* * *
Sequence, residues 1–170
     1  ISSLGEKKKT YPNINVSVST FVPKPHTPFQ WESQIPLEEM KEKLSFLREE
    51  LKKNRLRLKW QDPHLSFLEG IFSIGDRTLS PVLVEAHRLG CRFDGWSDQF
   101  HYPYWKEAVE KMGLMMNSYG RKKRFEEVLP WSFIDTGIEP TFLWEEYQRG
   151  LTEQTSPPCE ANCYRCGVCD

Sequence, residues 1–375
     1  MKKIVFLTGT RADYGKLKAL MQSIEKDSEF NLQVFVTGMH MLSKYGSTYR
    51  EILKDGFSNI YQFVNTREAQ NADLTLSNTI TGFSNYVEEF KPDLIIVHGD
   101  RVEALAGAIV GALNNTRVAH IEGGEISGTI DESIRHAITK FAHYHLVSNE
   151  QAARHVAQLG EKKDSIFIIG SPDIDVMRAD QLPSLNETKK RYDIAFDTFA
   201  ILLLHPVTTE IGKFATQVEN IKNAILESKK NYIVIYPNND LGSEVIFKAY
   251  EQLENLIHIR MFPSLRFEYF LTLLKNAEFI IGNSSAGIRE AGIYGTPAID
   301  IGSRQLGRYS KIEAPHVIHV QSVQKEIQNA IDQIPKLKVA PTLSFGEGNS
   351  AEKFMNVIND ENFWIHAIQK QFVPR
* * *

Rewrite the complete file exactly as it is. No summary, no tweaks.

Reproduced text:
Sequence, residues 1–170
     1  ISSLGEKKKT YPNINVSVST FVPKPHTPFQ WESQIPLEEM KEKLSFLREE
    51  LKKNRLRLKW QDPHLSFLEG IFSIGDRTLS PVLVEAHRLG CRFDGWSDQF
   101  HYPYWKEAVE KMGLMMNSYG RKKRFEEVLP WSFIDTGIEP TFLWEEYQRG
   151  LTEQTSPPCE ANCYRCGVCD

Sequence, residues 1–375
     1  MKKIVFLTGT RADYGKLKAL MQSIEKDSEF NLQVFVTGMH MLSKYGSTYR
    51  EILKDGFSNI YQFVNTREAQ NADLTLSNTI TGFSNYVEEF KPDLIIVHGD
   101  RVEALAGAIV GALNNTRVAH IEGGEISGTI DESIRHAITK FAHYHLVSNE
   151  QAARHVAQLG EKKDSIFIIG SPDIDVMRAD QLPSLNETKK RYDIAFDTFA
   201  ILLLHPVTTE IGKFATQVEN IKNAILESKK NYIVIYPNND LGSEVIFKAY
   251  EQLENLIHIR MFPSLRFEYF LTLLKNAEFI IGNSSAGIRE AGIYGTPAID
   301  IGSRQLGRYS KIEAPHVIHV QSVQKEIQNA IDQIPKLKVA PTLSFGEGNS
   351  AEKFMNVIND ENFWIHAIQK QFVPR